Muslimi faced charges of misusing social media and doubting the feasibility of Egypt’s national projects. The investigation committee has not yet issued a decision regarding her.

Fifth: The National Media Authority

The National Media Authority (NMA) – formerlythe Radio and Television Union – takes various disciplinary measures against its employees, such as dismissal and criminal prosecution. The Security Department, which is responsible for securing facilities affiliated to the radio and television building, monitors the NMA employees’ social media accounts.

On 10 April 2016, the Security Department submitted a memorandum to the Central Department of Legal Affairs, noting that director Ali Abu Hamila had written posts on his Facebook account that included inappropriate phrases about the President of the Republic, while commenting on the maritime demarcation agreement between Egypt and Saudi Arabia. The department attached screenshots of the posts in question.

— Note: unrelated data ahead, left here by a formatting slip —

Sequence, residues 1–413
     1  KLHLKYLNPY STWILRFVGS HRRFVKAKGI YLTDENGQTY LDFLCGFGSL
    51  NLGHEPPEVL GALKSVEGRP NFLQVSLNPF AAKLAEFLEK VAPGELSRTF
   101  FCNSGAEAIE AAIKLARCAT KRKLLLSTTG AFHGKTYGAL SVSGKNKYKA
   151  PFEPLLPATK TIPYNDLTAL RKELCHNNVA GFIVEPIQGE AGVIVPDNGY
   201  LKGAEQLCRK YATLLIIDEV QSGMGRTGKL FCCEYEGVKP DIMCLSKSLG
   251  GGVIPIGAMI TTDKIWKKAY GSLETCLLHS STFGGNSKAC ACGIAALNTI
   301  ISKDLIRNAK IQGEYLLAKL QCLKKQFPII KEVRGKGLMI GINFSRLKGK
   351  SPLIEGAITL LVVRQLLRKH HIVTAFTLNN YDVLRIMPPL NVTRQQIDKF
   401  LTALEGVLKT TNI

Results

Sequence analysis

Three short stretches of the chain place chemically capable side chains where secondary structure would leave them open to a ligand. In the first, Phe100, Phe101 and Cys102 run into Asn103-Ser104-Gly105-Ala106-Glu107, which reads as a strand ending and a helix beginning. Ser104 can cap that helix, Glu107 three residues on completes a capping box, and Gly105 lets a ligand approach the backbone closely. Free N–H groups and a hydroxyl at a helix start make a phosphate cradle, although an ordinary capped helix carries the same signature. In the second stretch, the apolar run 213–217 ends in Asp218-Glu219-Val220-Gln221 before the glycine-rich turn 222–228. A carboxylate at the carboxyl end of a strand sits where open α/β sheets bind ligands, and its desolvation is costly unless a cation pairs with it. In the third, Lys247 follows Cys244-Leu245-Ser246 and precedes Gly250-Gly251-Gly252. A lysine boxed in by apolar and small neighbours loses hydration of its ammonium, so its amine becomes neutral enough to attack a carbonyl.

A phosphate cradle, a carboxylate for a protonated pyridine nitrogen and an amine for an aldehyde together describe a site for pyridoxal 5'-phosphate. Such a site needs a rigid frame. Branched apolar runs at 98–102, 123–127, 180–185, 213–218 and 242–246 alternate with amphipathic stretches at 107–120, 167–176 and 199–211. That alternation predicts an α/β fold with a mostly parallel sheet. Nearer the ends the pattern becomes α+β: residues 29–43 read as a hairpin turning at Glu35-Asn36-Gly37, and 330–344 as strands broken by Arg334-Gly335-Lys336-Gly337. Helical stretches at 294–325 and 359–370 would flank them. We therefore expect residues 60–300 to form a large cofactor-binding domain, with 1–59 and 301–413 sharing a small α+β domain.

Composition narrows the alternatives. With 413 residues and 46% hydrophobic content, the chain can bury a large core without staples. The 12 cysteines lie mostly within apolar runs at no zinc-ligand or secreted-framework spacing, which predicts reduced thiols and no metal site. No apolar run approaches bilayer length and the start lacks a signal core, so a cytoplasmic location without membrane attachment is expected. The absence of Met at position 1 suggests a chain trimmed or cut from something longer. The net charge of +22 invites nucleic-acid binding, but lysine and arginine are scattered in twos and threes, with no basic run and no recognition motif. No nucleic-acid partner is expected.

The Central Department of Legal Affairsconducted an administrative investigation No. 105 of 2016 with Abu Hamila regarding these posts. It accused him of publishing and writing inappropriate phrases about the President of the Republic on his Facebook account in April 2016.

The Central Department of Legal Affairssent a complaint to the Administrative Prosecution, which in turn referred the case to the Disciplinary Court, which ruled on 20 June 2018 that Abu Hamila would be dismissed from his job for committing a disciplinary offenseby writing insulting phrases about the President of the Republic on Facebook.